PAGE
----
Hot Takes by Chad: Collaboration Overload to the Future of Footwear

Chad Evans talks the worst of 2020 fashion, including Houdini chic and logo x logo collaborations.


Is it the end of the sneakers as we know it? (Photo by Edelawit Hussien)

Chad Evans, Staff Writer

The transition from January to February is a critical time for followers of fashion. Currently, we are in the midst of couture and men’s fashion weeks, and the women’s ready-to-wear is on the horizon. The new inspiration from the runways seemed to make it an apt time to deliver my style opinions. In this sophomore entry to the series, I will unpack unfortunate trends and encourage what I believe to be the promising new direction of fashion.

The End of Sneakers

Virgil Abloh, the artistic director of Louis Vuitton’s menswear and founder of Off-White, recently predicted the demise of streetwear, a not-entirely unique hypothesis for the future of fashion, and one that would spell the removal of Abloh’s own brand from the fashion conversation. It’s certain that fashion is headed toward a more tailored sensibility, albeit a style that is relaxed and voluminous in the same spirit of streetwear. The prediction of the culture desk isn’t that we’re suddenly going to throw on blazers every day in the new decade, as some have rushed to assert. The most significant shift from streetwear will be the return to traditional footwear after an era dominated by sneakers. From the ultra-minimalism of the sock sneaker to the ultra-maximalism of the chunky sneaker, current popular sneakers have covered the breadth of the design spectrum, which means fatigue of the shoe altogether is due. This makes it the ideal time to invest in high quality, classic footwear that will add an intelligent flare to an outfit. Don’t be tempted to dress more formally in coordination; even outfits incorporating performance wear can be paired with a leather shoe to achieve a delicate balance. Nearly any shoe can be the right shoe, from Bottega Veneta Intrecciato sandals to a vintage loafer.

Padlocks and Chains

This look originated from punk DIY culture in 1970’s London, but modern e-girls and e-boys are the ones responsible for bringing the look back into the public eye. My main issue is that this aesthetic is too often overdone to the point where it overpowers an outfit, instead of subtly elevating it as accessories are intended to do. With the right blazer and Alexander McQueen platforms, heavy chains and locks might be a worthy addition to an outfit, but usually, the wearer just looks like they’re being detained. It’s quite possible this is a trend that will be viewed by future generations with the same regard we as a society currently have for puka shell necklaces.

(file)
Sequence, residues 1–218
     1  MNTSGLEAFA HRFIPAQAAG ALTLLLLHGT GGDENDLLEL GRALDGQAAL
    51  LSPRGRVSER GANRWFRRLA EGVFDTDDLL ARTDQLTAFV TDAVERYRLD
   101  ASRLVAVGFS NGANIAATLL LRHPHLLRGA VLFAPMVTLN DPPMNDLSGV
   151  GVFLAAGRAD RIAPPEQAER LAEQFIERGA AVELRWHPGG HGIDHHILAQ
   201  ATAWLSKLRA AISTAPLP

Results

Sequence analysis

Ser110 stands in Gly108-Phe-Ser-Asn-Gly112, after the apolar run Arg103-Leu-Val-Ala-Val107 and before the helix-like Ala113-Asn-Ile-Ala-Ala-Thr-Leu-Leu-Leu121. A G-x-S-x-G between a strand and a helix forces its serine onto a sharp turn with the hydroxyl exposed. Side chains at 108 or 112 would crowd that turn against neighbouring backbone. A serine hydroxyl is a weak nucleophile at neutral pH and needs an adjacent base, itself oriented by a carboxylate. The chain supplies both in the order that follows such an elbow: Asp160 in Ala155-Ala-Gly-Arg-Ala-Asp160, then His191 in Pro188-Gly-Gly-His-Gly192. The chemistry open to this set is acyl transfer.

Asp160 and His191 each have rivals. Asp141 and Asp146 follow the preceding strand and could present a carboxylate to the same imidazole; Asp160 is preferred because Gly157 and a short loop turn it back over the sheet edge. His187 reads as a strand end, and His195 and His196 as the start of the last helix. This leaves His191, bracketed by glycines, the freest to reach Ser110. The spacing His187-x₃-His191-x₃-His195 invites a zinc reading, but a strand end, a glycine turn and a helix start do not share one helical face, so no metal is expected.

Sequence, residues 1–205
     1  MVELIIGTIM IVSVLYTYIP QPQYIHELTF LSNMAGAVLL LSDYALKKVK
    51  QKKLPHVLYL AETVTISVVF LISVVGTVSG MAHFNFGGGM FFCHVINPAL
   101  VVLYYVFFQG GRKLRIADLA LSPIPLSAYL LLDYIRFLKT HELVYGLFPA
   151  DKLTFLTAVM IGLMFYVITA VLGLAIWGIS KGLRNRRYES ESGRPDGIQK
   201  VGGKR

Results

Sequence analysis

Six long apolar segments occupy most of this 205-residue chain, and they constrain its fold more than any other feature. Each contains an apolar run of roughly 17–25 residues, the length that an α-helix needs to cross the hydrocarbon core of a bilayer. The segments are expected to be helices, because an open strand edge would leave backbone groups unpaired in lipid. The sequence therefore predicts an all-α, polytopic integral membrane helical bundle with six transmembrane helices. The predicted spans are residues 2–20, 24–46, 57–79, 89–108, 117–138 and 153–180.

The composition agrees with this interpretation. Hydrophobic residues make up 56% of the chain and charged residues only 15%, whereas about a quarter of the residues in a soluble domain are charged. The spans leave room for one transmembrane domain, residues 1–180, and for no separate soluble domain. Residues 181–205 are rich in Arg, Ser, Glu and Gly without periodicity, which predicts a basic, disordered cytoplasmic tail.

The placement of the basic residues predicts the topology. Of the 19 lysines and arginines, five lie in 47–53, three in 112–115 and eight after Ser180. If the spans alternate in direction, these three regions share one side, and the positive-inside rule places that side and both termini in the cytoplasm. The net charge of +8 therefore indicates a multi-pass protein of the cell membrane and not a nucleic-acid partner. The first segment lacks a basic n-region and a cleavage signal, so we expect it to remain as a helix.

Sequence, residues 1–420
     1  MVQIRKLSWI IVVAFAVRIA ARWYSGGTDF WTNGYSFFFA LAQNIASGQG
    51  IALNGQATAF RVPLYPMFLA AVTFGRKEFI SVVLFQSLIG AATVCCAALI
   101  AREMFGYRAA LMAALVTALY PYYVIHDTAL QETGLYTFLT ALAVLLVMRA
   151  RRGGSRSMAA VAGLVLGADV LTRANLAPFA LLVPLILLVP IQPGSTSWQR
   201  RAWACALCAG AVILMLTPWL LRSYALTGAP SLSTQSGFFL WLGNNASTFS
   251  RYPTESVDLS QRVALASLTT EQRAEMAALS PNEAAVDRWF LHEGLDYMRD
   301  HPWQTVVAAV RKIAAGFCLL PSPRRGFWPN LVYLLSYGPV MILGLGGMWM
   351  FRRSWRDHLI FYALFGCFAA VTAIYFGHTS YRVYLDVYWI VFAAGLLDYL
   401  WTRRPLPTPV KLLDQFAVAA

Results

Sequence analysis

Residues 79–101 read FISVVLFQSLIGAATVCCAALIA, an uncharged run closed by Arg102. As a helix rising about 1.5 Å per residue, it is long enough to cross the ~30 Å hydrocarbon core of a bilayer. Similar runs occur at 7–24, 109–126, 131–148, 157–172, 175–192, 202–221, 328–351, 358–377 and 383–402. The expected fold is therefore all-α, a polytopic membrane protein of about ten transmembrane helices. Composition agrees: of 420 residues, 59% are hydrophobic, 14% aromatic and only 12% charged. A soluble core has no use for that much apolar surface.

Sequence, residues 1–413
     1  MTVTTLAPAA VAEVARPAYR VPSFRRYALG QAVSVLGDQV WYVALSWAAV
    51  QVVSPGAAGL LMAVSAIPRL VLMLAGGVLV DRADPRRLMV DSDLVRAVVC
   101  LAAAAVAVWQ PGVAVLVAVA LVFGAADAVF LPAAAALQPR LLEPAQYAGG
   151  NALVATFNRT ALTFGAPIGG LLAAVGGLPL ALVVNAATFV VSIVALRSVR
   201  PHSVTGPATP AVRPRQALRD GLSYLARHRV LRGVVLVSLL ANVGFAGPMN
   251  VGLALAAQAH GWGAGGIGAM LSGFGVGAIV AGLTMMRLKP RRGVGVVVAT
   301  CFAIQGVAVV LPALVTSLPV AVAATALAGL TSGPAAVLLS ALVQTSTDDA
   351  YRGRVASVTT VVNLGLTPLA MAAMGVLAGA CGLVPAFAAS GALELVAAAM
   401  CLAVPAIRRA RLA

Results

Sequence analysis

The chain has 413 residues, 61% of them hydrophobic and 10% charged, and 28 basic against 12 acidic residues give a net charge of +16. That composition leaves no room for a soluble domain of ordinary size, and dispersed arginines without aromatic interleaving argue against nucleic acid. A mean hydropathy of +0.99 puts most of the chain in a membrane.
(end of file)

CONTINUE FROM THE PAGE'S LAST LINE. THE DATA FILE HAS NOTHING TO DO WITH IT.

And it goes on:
Unnecessary Collaborations

The fashion collaboration is something of a recent innovation in the industry, a reality that streetwear helped establish and Supreme helped propel. After peak collaboration occurred in 2017 between the top tiers of streetwear and luxury, Supreme and Louis Vuitton, the collaboration has seemed to have grown stale in recent years. Despite successful editions, such as the Moncler Genius line (which has proven the puffer jacket to be the most versatile garment in the known universe), most collaborations end up as a disappointing agglomeration of the most unimaginative elements of their creators. The Nike x Dior and Prada for Adidas collaborations were made up of brands that excel at design in their own unique way. But together, the unfortunate result was just a hybrid of their respective logos. If the result of the collaboration does not evolve the labels involved, it shouldn’t be done, let alone coveted. Incessant collaborations with licensed Disney images and an array of different brands is not a healthy alternative either.

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